FAQ by patients
Should I tell my medical doctor that I am receiving chiropractic treatment?
We encourage our patients to inform their medical care providers that they are receiving chiropractic treatment. In fact, our practice has been built through collaborating with contemporary minded, patient-centered medical practitioners.
As a courtesy to our patients and their caregivers, we will gladly forward a copy of our patient's initial evaluation report to their primary care physician. Many of our patients request that we contact their primary care providers in order to introduce ourselves, or to provide them with information about our practice.
The key to comprehensive care is communication.
Does insurance pay for chiropractic treatment?
Yes, many health insurance companies reimburse for a portion of chiropractic treatment. We will call to confirm your benefits and highly recommend that you do the same. We have developed a "Patient's Guide to Insurance Verification" to help you with the process. Click here to download
Is it true that once you have chiropractic treatment, you must keep going back?
No. Actually, many people elect to continue their chiropractic treatment after feeling well. Why? Because periodic elective "maintenance care" makes them feel better. Chiropractic treatment is an integral component to many healthy people's "health maintenance" plan; similar to diet, exercise and proper sleep.
I was told that cracking your knuckles causes arthritis. Will chiropractic adjustments cause arthritis?
Contrary to what your mother may have told you, knuckle cracking actually does not cause joint arthritis. However, knuckle crackers tend to experience more joint stiffness later in life.
Regardless, spinal adjustments / manipulations are quite different than cracking one's knuckles. When a spinal adjustment is performed, the joint is slightly gapped momentarily; opening the joint surfaces. Knuckle crackers actually grind the joint surfaces together, potentially irritating the joint. There is no current evidence to suggest that chiropractic manipulative therapy is detrimental to your spinal joints.
Are chiropractic adjustments safe?
In general, chiropractic treatments carry a very low risk of complication. Approximately 25% of patients will experience short-term [24 hours] or local soreness following the initial adjustment. This may represent short term muscle tension or low-grade inflammation from the treatment.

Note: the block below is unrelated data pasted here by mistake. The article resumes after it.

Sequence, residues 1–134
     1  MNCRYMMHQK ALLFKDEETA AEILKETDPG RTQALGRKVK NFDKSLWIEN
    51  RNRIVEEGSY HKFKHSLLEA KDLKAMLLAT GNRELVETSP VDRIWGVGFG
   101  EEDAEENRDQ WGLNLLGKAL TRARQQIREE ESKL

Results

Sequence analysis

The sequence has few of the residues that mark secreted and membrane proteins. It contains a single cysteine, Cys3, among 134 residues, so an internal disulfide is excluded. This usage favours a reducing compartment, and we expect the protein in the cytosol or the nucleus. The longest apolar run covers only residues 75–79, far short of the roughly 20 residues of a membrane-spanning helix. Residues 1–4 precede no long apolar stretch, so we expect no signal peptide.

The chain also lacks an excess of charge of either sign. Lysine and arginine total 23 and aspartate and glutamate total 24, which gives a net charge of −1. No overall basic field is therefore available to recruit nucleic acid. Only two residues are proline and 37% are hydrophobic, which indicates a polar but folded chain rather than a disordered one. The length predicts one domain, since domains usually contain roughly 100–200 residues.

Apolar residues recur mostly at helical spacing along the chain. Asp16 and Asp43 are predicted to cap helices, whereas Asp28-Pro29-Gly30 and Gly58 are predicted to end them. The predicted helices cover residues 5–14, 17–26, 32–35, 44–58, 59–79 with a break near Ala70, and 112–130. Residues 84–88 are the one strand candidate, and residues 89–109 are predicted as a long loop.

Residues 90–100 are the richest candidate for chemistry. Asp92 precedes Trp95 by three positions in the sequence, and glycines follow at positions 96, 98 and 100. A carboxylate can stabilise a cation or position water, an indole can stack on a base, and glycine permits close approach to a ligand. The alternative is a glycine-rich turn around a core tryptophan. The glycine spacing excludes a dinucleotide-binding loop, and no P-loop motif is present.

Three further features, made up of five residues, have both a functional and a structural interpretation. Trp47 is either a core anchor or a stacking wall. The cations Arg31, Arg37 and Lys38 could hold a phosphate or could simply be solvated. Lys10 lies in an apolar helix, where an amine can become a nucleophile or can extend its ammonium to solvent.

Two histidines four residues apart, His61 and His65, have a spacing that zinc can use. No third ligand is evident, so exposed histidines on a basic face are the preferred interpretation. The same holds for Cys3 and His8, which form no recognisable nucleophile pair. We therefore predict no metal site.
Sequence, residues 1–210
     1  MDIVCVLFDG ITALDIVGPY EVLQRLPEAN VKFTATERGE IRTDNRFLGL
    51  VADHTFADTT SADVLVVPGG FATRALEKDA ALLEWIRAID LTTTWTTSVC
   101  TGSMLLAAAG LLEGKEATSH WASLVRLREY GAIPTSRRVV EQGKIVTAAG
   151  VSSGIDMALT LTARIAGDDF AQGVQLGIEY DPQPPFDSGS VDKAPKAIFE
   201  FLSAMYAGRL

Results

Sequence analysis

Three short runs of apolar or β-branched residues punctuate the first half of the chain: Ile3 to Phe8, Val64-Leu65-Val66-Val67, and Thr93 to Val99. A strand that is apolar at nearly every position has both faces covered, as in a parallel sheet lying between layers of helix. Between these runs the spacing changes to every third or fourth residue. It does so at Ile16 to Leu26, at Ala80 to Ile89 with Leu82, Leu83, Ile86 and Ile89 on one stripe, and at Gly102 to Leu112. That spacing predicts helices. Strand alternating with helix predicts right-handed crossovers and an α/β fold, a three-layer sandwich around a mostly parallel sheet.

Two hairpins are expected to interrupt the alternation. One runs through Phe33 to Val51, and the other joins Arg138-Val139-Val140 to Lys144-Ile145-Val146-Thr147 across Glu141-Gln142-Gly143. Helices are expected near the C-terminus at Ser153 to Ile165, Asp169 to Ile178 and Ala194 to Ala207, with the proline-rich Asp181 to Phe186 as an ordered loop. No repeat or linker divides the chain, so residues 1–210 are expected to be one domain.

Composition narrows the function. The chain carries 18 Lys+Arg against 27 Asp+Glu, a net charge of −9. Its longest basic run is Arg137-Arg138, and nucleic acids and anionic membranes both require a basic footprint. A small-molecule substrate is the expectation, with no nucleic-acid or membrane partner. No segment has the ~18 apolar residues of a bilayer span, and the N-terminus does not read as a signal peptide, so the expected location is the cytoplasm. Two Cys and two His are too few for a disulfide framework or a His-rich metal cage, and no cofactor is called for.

The risk of serious, irreversible complication is rare. Estimates for neck adjustments are between 1 in 400,000 to 1 in 5.85 million. With regards to the low back, estimates for serious complication is "1 in many million". It is important that you discuss any specific concerns with your treating chiropractor prior to receiving treatment.
What does the "DC" after your name mean?
The title "DC" stands for "Doctor of Chiropractic". "Doctor" literally means "teacher". Therefore, in keeping true to our title, we educate our patients about their condition, how to improve their health and how to stay as healthy as possible. Similarly, your MD [Medical Doctor] should be doing the same.
How long does it take to receive a treatment?
Most treatment sessions require between 15-30 minutes; depending upon the depth and scope of care necessary. The initial examination typically lasts 45-60 minutes, depending on the complexity of a patient's condition, and whether a treatment is received immediately after the initial evaluation.
I hear that chiropractors "crack" your back. Is this common?
Chiropractic adjustments most commonly elicit an audible "pop" or "crack" sound. Chiropractors refer to this as an "audible release" or "cavitation sound". Treatment success is not contingent upon this noise.
What is the popping noise that occurs during an adjustment?
Your spinal joints contain a fluid known as synovium. The synovial fluid contains dissolved gasses; mostly carbon dioxide. When your spine is adjusted, a vacuum is created within the joint and the dissolved gasses come out of solution, forming a gas bubble. This vacuum creates a "pop".
What does the "DC" after your name mean?
The title "DC" stands for "Doctor of Chiropractic". "Doctor" literally means "teacher". In keeping true to our title, we educate our patients about their conditions, how to improve their health and how to stay as healthy as possible. Other common chiropractic specialty designations include:
- DABCO - Diplomate of the American Board of Chiropractic Orthopedics
- DABCN - Diplomate of the American Board of Chiropractic Neurology
- DABCR - Diplpmate of the American Board of Chiropractic Radiology
- CCSP - Certified Chiropractic Sports Physician